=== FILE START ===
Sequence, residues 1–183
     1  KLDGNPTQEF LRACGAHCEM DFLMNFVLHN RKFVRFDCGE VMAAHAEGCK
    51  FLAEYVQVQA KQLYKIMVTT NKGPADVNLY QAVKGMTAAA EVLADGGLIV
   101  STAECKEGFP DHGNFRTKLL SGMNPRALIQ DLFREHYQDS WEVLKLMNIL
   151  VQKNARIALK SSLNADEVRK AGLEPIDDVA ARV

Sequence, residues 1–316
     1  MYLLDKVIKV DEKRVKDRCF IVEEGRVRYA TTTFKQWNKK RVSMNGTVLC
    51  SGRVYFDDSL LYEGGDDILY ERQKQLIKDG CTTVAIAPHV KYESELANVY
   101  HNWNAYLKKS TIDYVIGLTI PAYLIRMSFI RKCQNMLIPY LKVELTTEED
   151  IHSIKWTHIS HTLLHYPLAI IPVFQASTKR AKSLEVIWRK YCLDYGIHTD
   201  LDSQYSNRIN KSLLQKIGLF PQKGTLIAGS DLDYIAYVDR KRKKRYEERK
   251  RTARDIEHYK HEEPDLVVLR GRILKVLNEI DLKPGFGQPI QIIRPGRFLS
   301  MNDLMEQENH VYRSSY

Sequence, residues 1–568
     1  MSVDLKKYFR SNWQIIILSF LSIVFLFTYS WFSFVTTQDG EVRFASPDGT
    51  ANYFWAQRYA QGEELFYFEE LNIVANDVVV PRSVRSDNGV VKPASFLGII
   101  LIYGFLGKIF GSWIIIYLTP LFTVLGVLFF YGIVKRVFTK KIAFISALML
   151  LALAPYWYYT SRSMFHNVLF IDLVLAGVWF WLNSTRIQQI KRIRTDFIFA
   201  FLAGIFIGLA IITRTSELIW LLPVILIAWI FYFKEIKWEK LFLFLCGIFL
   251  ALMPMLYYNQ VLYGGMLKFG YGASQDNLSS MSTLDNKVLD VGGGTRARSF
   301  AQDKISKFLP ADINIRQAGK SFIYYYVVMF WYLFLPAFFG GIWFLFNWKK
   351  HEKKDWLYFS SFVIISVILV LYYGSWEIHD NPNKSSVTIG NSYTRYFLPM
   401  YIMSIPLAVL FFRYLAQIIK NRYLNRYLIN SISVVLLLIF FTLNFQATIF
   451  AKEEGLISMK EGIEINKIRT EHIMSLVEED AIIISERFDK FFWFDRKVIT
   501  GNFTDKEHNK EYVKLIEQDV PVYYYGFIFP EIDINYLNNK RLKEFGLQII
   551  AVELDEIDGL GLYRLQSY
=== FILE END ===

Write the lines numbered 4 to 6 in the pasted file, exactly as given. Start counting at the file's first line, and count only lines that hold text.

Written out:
   101  STAECKEGFP DHGNFRTKLL SGMNPRALIQ DLFREHYQDS WEVLKLMNIL
   151  VQKNARIALK SSLNADEVRK AGLEPIDDVA ARV

Sequence, residues 1–316